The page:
Agree? Disagree? What promotions are working for you?
Developing the correct content strategy for your mobile site can be a bit confusing. It's still early in the game and we are seeing consultants offer different strategies on what content belongs on a mobile website.
Should you limit the content displayed on the mobile version of your website? How about the number of products? Should that be limited?
Originally, our team here at Vin65 thought the answer should be yes. Mobile phone screen sizes are small, the 3G data speeds are slower than regular broadband, and customers visiting your mobile site typically want to do something quickly, such as calling your winery or locating your winery.
Now that our mobile platform is more than a 1.5 years old, the above answer should be "no". Here's why.
1) Users need to see your content.
16-20% of emails are opened on a mobile device (source). A customer opens your email on a mobile device, they click a link - where does that take them? Hopefully to a mobile optimized version of a page. Unfortunately, more often than not, mobile websites are built as a "light" version of a brand's site and the mobile content is an after-thought - and the email link doesn't work.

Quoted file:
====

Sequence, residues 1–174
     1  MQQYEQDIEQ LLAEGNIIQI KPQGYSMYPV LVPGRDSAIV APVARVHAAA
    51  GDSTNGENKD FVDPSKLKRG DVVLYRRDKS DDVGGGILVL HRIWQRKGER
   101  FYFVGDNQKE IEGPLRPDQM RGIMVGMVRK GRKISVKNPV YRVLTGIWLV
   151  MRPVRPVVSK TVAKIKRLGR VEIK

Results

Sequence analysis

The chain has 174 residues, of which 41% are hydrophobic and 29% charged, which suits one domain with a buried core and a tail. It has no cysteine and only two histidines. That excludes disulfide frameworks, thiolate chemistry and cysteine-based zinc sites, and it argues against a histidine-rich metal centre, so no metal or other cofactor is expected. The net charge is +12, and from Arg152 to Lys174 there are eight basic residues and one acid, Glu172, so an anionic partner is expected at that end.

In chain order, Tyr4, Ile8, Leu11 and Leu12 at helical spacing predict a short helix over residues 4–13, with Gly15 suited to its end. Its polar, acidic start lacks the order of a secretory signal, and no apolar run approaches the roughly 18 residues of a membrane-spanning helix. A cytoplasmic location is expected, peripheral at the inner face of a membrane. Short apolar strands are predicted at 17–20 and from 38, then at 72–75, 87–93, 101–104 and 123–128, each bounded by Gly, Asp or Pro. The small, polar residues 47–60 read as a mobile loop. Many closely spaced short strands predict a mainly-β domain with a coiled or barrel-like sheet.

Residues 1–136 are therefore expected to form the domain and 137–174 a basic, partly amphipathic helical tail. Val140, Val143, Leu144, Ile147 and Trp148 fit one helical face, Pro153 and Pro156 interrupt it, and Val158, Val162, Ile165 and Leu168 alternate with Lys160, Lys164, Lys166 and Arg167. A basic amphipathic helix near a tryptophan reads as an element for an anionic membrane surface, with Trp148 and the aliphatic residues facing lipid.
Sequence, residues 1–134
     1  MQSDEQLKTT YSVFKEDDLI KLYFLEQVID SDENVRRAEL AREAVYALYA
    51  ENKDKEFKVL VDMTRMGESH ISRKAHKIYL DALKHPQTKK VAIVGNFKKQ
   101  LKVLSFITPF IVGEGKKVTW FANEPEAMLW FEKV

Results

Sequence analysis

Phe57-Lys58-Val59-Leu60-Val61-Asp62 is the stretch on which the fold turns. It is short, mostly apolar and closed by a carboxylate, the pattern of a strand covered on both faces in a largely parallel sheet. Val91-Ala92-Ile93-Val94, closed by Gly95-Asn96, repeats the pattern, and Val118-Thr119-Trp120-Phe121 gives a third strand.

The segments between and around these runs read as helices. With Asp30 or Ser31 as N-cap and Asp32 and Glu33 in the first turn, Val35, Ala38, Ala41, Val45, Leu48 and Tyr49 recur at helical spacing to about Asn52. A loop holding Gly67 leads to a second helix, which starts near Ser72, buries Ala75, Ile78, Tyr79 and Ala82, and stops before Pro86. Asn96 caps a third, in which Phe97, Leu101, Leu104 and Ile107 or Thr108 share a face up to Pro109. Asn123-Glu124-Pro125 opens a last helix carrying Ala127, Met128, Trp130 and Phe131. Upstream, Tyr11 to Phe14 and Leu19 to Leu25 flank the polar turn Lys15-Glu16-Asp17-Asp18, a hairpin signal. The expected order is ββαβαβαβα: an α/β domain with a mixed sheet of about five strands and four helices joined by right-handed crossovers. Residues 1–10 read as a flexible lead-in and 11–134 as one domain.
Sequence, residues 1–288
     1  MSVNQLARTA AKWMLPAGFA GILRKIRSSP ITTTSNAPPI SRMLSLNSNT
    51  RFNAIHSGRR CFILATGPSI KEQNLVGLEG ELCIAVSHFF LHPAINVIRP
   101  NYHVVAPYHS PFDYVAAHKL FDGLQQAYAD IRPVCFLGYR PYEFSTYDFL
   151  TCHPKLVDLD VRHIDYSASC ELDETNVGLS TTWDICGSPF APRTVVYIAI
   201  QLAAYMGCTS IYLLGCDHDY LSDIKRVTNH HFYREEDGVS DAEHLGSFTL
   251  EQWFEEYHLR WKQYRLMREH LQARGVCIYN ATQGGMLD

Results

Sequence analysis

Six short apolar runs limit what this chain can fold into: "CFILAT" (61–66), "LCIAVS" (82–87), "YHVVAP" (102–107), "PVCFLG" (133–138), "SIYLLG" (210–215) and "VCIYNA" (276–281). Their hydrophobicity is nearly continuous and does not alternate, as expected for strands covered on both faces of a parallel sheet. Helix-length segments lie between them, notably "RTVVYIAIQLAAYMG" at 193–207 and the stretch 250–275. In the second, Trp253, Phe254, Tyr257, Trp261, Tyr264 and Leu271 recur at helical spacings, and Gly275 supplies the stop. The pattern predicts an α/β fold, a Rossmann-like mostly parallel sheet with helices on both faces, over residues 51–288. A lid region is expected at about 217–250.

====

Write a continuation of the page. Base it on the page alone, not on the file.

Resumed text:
More than 350 million Facebook users access Facebook through their mobile device (source). People "like" and share your content all the time. Similar to the email scenario, users on mobile devices need to be able to click links and see the mobile version of that content. Unlike the email scenario, you can't control the links people are sharing and if you only have a "light" version of your mobile site, the shared links won't work.
2) Mobile is not a second class citizen.
The problem with limiting content on your mobile site is you now have two sites to manage. Every time you add a page to your regular site, you have to decide if you should add it to your mobile site. It's extra work, and you often forget or neglect the content on the mobile site. (Our first version of our mobile had two sets of page content and wineries constantly let the mobile site go stale).